See: Sappy Global Warming Story
Lot later this year, and the trees have not yet budded down here, either. WTF?
"Warm snap cuts short Vermont maple syrup season" by Megan Woolhouse Globe Staff April 20, 2015
FAIRFIELD, Vt. —In most of New England, the spring weather was a cause for rejoicing. But here, in the heart of Vermont’s maple syrup country, it signaled the end of a sugaring season that had been, well, short and not-so-sweet for producers of the state’s signature crop.
The lingering harsh winter meant sap started running late this spring, and a sudden warm-up signaled a quick end to the sticky season. As a result, Vermont agricultural officials estimate sap yields for maple syrup production could be about half the usual this year.
What warm up?
“It’s not looking good for a full crop,” said Ric Nye, as he tended a massive vat of cooking sap at J.R. Sloan’s sugarhouse operation. Pushing his baseball cap backward to wipe away the sweat on his forehead, he said, “It’s hard to win when you’re playing with weather.”
And being lied to about it.
Pancake lovers, however, need not worry about a maple syrup shortage or a jump in prices. In a complicated twist involving global market forces and Canadian maple sugaring dominance, prices are expected to fall. More on that later.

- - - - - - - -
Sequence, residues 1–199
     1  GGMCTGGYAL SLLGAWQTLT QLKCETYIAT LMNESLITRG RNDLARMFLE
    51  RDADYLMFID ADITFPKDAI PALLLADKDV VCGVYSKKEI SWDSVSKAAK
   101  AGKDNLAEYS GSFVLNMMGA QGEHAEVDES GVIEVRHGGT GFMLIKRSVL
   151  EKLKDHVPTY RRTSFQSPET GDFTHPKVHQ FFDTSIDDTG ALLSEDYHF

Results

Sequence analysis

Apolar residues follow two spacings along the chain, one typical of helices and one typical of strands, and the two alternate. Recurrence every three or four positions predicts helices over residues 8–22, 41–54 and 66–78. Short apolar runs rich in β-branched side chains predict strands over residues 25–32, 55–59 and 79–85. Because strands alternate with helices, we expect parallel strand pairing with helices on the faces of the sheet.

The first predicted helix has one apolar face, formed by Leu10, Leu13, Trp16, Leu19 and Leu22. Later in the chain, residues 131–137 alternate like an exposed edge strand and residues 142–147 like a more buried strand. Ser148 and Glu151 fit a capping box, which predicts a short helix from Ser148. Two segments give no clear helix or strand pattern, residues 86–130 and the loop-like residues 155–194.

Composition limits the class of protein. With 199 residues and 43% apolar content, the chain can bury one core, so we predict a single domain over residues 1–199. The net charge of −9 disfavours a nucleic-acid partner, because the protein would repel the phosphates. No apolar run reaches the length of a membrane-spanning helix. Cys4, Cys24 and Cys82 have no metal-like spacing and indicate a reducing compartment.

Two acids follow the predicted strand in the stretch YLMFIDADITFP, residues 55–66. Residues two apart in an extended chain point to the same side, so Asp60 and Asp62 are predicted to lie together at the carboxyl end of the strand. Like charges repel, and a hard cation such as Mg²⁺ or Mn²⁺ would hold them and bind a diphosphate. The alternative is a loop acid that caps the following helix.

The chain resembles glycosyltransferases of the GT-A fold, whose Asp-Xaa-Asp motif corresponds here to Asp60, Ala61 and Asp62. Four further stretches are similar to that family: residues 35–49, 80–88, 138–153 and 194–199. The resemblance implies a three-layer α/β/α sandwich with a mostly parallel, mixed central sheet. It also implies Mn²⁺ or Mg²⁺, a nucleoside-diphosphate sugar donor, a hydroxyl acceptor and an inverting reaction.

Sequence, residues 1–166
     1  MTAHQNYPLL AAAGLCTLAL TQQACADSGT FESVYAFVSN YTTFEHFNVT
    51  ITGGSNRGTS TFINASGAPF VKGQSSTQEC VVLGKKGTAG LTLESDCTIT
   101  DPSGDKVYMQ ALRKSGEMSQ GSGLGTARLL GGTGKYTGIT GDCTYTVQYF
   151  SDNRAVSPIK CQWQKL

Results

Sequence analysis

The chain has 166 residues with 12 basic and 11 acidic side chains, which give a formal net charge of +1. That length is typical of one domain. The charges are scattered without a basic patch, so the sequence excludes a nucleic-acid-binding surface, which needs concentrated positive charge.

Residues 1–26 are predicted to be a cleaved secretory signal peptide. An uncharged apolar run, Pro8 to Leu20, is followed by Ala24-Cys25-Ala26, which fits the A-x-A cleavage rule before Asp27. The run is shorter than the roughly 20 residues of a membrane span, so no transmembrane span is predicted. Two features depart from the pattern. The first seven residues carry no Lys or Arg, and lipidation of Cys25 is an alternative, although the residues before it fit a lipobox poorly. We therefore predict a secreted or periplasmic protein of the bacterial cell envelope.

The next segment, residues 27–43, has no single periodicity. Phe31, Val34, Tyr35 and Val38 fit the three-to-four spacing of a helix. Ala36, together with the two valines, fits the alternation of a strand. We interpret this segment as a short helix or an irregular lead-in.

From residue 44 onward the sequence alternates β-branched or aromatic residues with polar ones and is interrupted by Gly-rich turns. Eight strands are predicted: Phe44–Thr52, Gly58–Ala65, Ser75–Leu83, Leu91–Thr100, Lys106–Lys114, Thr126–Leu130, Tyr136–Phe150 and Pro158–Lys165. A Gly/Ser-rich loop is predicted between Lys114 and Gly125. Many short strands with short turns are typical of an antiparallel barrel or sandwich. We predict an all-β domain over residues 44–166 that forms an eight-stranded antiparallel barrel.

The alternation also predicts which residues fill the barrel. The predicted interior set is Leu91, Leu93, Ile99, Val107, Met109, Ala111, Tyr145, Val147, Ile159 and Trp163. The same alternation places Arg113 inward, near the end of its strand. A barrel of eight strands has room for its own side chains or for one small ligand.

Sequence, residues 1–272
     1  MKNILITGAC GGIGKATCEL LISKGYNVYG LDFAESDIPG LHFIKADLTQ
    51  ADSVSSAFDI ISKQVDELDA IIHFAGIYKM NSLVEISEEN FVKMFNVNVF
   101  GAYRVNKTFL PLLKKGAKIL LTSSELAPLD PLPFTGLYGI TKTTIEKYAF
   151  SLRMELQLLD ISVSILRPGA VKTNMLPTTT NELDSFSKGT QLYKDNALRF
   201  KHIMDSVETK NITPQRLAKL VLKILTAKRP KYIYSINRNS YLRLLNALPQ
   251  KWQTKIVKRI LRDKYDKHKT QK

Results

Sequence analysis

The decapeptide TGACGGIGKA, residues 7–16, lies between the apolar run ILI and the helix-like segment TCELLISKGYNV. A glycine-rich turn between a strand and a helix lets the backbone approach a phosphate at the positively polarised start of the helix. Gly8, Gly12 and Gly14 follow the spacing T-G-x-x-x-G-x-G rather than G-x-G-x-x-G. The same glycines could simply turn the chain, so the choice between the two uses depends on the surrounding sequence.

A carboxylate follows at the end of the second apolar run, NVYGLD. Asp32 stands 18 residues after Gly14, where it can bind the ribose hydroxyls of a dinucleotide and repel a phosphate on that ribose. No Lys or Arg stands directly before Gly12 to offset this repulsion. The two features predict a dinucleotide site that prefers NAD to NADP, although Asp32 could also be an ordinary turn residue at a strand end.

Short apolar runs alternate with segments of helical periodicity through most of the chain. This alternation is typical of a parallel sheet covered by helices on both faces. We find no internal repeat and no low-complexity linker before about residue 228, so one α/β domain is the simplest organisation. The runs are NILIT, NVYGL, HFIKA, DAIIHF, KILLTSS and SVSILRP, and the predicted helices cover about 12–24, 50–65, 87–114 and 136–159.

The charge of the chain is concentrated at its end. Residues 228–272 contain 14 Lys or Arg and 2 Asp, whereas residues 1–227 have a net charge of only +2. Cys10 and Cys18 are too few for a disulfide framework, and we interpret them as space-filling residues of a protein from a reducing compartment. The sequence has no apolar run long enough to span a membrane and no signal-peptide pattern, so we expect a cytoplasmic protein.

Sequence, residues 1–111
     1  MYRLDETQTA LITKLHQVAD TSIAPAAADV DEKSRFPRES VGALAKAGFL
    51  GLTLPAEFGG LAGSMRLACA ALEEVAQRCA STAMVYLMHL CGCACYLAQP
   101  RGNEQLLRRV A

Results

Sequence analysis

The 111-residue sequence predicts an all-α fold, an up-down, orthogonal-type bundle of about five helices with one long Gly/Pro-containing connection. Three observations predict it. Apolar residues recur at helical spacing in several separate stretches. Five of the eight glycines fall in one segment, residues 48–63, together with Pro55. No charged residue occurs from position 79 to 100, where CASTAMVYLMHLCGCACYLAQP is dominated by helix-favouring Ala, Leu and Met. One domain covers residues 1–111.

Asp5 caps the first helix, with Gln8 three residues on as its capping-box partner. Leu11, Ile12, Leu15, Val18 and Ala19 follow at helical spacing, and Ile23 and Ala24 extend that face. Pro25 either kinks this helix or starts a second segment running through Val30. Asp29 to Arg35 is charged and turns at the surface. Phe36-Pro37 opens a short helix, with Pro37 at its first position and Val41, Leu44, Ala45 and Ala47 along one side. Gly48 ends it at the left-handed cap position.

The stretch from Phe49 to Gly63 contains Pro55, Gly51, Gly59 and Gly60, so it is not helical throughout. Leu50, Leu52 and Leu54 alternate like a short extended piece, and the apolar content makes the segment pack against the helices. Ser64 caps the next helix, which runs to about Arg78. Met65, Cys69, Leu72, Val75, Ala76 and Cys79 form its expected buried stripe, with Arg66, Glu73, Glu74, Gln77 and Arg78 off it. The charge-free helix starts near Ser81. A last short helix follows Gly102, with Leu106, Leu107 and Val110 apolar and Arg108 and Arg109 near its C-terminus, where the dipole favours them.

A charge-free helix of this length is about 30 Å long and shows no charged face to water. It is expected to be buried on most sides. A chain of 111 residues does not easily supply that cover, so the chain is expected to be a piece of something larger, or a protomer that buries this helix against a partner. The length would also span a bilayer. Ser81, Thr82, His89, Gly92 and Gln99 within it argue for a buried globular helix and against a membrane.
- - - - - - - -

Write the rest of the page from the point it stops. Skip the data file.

But first, gently warming spring days and below-freezing nights are the optimal conditions for sap to flow in trees.
That's what we have had, and told it was perfect and prevented flooding!
This Globe syrup tastes sour, hey!
Tim Perkins, director of the University of Vermont’s Proctor Maple Research Center, said sap flowed in Vermont during just the first two to three weeks of April, about half the normal 30-day season, cutting yields significantly.
“You get what you get,” he said, “but it certainly could have been better.”
Yeah, I don't want to get stuck in all this.
The Federation of Quebec Maple Syrup Producers, also known as the OPEC of maple syrup, stores about 5 million pounds of maple syrup to stabilize prices in years when production is poor. This strategic syrup reserve is about four times Vermont’s annual production.
Yeah, except no one wages wars over control of maple syrup.